Canola Oil Moderately Improves Nutrition of a Deep Fried Turkey

Turkey Frying in a pot with thermometer Here at DietsInReview, we believe in thoroughly enjoying holiday meals. Many diet plans encourage having a splurge meal once every week, and Thanksgiving is the perfect moment to enjoy rich foods without counting calories. In general, this prevents people who want to lose weight from feeling deprived and helps them avoid ditching a healthy eating plan for the entire holiday season.

However, certain foods seem over-the-top, even for a day of indulgence, and the deep fried turkey is one of these. On one hand, without the skin, deep fried turkey is deceptively moist and doesn’t have a greasy taste. On the other hand, we know quite well how many calories frying anything will add. So, I consulted with Alison Lewis of Ingredients Inc.

“The amount of fat and calories for a deep fried turkey is higher than a regular turkey,” says Lewis. “Three and a half ounces of deep fried turkey has approximately 190 calories and 11 grams of fat. The same portion of a roasted turkey typically has 165 calories and 7 grams of fat.” Eating turkey without the skin will lower the calories even further. “If you eat your roasted turkey skinless, calories drop to only 150 calories and 3.5 grams of fat,” adds Lewis.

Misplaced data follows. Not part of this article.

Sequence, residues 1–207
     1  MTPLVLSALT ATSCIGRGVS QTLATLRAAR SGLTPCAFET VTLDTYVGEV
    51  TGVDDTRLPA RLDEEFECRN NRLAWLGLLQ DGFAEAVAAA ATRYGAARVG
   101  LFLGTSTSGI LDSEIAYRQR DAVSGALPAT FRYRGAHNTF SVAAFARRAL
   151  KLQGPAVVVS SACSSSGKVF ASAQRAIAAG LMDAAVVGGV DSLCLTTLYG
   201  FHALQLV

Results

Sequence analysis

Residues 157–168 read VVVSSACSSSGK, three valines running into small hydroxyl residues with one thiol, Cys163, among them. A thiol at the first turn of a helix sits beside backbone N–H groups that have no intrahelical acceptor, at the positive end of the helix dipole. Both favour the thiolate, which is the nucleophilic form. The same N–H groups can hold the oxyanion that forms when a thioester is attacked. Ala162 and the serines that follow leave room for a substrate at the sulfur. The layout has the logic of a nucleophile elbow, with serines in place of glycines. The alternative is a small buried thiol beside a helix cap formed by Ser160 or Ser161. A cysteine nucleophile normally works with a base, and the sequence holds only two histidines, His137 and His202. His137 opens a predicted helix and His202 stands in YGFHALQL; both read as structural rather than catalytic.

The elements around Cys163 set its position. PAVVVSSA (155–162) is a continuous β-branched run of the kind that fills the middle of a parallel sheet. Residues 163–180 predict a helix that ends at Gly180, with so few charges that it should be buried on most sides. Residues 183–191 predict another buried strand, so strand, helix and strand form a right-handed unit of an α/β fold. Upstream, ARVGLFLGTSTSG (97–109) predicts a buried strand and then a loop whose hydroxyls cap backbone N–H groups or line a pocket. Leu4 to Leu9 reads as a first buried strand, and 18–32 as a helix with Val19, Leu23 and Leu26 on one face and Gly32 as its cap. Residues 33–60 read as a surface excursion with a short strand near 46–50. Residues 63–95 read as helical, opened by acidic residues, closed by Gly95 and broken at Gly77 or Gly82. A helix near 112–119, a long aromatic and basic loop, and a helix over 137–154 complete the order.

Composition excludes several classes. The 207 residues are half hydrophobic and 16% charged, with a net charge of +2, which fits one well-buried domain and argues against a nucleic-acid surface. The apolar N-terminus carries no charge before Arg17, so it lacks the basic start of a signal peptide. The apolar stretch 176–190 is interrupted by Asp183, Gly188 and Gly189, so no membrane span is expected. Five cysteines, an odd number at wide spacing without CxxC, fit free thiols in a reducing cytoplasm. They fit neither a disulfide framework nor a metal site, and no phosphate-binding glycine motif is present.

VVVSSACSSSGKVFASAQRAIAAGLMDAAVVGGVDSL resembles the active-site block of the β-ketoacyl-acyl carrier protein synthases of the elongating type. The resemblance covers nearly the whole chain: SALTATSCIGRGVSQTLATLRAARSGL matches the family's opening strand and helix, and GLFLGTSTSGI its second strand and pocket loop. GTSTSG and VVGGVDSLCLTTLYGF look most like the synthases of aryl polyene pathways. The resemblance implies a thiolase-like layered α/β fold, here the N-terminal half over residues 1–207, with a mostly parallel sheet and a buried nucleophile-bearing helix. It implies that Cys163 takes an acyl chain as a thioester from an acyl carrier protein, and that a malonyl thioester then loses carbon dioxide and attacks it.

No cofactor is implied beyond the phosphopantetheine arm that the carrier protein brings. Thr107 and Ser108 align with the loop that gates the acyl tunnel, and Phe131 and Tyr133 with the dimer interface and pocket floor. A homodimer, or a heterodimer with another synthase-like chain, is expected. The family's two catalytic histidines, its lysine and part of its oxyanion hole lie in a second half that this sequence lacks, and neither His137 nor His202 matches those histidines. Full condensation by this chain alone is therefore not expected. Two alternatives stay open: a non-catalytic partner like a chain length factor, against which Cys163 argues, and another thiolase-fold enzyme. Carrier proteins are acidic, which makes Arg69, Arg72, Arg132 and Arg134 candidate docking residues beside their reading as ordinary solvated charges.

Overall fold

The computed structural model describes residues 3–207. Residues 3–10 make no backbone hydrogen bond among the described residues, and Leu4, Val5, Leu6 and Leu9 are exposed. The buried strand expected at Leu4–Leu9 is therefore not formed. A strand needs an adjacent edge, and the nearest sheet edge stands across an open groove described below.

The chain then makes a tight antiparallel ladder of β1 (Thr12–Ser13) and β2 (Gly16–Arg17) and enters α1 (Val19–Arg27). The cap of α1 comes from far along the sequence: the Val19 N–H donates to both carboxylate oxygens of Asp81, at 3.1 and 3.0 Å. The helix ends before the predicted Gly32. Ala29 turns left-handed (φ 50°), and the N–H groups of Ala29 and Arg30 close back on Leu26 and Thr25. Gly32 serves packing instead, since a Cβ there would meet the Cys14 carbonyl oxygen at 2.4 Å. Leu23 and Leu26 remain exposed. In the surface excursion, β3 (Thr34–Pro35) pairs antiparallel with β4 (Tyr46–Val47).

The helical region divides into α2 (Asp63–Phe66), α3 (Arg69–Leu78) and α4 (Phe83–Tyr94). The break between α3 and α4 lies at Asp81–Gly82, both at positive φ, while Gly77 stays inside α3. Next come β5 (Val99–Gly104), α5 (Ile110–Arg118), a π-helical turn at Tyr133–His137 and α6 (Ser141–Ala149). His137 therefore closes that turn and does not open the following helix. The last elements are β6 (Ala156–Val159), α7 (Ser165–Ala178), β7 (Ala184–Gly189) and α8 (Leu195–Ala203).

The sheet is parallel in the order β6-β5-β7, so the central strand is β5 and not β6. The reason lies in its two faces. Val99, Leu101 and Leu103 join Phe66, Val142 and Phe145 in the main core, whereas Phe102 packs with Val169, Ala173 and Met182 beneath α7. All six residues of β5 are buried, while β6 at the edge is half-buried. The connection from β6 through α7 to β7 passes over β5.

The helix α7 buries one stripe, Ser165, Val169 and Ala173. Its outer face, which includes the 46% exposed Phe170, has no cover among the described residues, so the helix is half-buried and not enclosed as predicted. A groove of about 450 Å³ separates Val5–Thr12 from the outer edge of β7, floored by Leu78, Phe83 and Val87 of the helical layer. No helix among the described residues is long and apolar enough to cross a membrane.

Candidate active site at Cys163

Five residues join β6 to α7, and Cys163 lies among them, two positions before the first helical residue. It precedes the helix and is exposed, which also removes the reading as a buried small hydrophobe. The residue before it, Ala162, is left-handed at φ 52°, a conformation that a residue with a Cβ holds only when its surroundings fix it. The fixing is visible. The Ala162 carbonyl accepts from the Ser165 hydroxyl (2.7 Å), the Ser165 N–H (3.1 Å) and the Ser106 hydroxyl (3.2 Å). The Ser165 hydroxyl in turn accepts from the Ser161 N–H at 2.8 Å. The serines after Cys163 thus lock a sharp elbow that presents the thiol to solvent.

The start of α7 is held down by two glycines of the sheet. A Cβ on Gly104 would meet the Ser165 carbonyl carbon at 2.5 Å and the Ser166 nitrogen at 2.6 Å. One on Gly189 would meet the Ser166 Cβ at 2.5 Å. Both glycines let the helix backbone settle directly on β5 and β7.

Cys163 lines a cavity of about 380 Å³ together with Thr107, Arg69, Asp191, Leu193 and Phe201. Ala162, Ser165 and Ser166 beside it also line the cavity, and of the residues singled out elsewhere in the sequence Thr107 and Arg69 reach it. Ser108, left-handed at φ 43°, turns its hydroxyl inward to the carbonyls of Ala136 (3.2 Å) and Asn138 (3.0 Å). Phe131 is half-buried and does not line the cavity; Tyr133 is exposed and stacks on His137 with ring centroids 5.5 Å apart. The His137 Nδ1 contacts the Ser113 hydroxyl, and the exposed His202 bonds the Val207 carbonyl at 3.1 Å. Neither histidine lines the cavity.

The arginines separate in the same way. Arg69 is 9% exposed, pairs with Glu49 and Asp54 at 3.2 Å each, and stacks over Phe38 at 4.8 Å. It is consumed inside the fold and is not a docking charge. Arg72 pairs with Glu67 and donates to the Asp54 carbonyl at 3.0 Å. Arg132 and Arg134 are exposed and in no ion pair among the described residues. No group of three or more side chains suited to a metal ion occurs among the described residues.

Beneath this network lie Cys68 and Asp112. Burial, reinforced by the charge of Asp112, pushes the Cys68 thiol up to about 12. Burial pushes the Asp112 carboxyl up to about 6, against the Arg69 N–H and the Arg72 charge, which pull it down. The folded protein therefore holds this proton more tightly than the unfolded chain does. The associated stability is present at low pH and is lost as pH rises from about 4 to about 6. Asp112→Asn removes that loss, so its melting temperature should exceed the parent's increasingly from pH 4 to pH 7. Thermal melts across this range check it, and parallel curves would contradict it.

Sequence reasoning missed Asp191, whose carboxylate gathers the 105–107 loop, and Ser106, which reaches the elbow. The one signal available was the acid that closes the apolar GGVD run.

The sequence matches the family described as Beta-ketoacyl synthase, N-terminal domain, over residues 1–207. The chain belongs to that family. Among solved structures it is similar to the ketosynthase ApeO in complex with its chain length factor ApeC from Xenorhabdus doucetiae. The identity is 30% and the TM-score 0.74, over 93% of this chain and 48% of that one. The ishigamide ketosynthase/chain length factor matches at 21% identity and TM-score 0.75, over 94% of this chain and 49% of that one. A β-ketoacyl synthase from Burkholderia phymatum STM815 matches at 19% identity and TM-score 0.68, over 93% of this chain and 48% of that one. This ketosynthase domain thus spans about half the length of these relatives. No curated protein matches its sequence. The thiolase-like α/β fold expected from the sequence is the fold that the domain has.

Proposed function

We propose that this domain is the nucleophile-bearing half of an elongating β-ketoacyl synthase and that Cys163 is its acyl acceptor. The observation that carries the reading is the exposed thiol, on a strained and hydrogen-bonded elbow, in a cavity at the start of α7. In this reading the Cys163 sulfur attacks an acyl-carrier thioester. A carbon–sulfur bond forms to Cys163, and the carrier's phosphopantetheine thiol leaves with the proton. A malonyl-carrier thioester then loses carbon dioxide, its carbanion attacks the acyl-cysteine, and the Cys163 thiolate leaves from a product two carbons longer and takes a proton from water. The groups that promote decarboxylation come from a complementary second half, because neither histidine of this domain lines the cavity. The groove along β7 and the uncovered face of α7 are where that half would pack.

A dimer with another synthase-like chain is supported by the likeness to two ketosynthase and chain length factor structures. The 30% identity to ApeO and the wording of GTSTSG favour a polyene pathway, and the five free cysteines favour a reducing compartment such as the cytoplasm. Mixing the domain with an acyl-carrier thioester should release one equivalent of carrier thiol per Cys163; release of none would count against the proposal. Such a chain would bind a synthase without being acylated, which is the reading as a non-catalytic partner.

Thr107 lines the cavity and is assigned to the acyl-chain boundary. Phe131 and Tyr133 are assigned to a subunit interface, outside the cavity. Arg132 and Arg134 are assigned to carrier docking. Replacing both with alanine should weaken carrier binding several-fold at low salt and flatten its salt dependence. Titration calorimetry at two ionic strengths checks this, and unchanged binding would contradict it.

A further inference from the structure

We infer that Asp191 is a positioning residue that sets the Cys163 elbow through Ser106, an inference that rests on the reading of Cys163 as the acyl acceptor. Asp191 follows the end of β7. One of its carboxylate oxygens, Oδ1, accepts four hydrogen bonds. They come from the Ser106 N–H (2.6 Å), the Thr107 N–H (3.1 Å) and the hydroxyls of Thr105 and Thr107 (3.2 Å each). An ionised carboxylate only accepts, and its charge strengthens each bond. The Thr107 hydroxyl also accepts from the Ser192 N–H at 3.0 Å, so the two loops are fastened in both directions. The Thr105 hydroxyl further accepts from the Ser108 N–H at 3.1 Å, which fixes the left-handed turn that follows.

If you’re still determined to stick that turkey in the fryer, know that your choice of oil can also cut calories, since you will be using several gallons of it. “To make a deep-fried turkey healthier, I recommend using Canola oil,” says Lewis. “It has the least saturated fat on any culinary oil, half that of olive oil and is free of trans fat and cholesterol. It also has the most omega-3 fat on any cooking oil and is a good source of vitamin E. It has a neutral taste and high heat tolerance (468 degrees) making it ideal for frying.”

Do you think a deep fried turkey is a worthy holiday indulgence? Or does roasted turkey do the trick for fewer calories? Tell us what you think in the comments below.

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Food Fight: White Turkey Meat Versus Dark Turkey Meat

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